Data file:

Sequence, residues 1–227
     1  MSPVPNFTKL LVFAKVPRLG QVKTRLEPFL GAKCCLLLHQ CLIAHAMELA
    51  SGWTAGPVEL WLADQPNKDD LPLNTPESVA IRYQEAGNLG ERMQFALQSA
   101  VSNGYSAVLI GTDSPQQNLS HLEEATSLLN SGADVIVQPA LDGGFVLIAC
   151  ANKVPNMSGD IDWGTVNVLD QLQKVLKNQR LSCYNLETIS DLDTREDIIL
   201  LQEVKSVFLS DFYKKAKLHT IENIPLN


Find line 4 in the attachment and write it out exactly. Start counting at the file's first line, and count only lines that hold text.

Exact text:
   101  VSNGYSAVLI GTDSPQQNLS HLEEATSLLN SGADVIVQPA LDGGFVLIAC